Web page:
39. Ecuador Adventures and Frogs – Genovesa

Tuesday, June 27th A Motley Crew

This morning’s hike was a dry landing at a flight of very steep rocky stairs, known as Prince Phillip’s Steps. We were greeted at the top by a mockingbird, singing a happy welcoming song.

As daunting as it was to go up the staircase, we were rewarded for our climb with the sight of innumerable boobies: Brown, Hooded, Masked, Nazca, blue footed and red footed, single, married, divorced (they don’t mate for life) and children, in various stages of development. Apparently there are 150,000 pairs on Genovese. The juveniles have grey or white feet, and some, called morphs, never develop color nor mate. The color in male feet is a sign of very high testosterone, and male boobies are known as the most aggressive birds in the world.

The Nazca mother lays two eggs a few days apart, but the second is only insurance, in case the first dies.

If the first chick lives, it inevitably pushes the second out of the circle the mother has drawn. A chick out of the circle, neglected by both parents, is not fed, and will die of exposure, starvation and/or predation by other birds. Once airborne, they can fly as far as Panama, and do not come back for 5 or more years, mating at age 8.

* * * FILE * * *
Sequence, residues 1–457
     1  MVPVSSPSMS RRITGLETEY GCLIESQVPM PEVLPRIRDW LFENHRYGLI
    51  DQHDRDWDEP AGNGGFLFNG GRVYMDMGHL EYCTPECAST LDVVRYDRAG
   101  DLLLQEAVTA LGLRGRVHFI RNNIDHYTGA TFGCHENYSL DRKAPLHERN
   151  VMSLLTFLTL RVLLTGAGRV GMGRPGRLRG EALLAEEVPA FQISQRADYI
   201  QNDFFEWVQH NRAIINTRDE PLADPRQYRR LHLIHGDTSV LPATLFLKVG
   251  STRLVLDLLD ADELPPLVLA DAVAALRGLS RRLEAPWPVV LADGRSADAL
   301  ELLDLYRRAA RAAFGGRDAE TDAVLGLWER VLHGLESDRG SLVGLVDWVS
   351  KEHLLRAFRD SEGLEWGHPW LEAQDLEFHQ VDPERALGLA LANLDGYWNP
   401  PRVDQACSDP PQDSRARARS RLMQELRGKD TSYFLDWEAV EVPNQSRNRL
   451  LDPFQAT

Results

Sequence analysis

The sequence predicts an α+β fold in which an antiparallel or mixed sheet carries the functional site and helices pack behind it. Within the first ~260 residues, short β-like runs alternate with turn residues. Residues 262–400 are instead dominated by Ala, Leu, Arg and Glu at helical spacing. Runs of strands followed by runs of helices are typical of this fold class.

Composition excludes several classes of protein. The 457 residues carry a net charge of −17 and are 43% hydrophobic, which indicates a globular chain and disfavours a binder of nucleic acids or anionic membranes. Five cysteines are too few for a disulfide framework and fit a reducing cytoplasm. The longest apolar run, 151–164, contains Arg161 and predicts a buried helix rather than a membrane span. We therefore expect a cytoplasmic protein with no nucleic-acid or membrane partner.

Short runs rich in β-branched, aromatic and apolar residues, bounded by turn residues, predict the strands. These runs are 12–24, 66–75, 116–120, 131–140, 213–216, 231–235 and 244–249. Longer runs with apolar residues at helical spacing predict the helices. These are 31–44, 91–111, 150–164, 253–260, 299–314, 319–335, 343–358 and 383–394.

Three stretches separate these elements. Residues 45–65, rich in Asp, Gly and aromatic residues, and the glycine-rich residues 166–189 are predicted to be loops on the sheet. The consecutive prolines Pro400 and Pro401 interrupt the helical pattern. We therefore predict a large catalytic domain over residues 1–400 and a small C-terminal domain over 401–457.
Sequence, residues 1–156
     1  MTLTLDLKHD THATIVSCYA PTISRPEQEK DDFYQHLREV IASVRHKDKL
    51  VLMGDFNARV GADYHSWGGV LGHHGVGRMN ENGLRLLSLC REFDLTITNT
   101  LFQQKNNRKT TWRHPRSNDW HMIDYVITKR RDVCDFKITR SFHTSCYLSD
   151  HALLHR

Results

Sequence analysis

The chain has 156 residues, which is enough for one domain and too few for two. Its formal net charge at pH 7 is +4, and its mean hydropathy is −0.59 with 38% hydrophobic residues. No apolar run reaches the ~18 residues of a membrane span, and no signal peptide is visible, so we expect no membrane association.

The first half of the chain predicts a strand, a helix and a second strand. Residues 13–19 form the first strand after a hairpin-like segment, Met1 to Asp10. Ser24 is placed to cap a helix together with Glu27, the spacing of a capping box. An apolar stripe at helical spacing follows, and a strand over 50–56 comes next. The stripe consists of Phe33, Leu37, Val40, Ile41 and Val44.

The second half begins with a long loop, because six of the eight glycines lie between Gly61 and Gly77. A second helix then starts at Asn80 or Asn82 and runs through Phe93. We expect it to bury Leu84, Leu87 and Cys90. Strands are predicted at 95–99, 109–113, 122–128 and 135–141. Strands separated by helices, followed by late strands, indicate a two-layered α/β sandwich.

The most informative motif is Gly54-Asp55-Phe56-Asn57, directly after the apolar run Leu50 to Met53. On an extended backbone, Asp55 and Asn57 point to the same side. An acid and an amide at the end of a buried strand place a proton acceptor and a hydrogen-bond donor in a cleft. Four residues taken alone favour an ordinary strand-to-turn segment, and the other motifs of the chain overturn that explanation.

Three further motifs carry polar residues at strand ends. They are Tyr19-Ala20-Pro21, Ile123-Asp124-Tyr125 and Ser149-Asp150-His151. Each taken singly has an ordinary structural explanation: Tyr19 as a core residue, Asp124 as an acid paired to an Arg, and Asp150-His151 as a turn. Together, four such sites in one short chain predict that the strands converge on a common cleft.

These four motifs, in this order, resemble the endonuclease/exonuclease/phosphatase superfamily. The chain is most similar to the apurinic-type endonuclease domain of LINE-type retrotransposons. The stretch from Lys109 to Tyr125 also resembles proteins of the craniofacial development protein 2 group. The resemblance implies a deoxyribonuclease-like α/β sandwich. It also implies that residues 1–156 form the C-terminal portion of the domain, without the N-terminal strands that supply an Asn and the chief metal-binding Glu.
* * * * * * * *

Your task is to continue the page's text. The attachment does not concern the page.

Nazca Boobies are named for the giant geological plate “conveyer belt” which carries the Galapagos Islands southeast at a very slow but significant speed.

 

We also saw gulls, herons, pelicans, frigates (Both sexes are pirates.  Males have a big red balloon gular sac and gobble when they find a female they choose to attract) and albatross.

The mating dance of albatross is mesmerizing, and goes on for hours, a tender fencing duel with their beaks. Of course, this is when my camera died for the day. These big birds do mate for life.

Although the water was murky in the morning, I got to see one new species of fish, the Moorish Idol. Next year I want to get an underwater camera!

In the afternoon, I had started reading Paul Stewart’s book, Galapagos, The Islands That Changed the World, which Matthew had discovered and just finished. While the others went to the beach for a hot sunny walk, and then snorkeling in choppier and murkier waters than in the morning, I relaxed under the canopy on the deck and read. It was a delightful and educational way to end our last full day on board the Cachalote,  and gave me more to fill in some blanks when I got home.

To celebrate, all the crew dressed again in their uniforms, as they did the first night we got on board, and we had a fine cocktail to toast with and another excellent meal with modifications for their vegan passenger.

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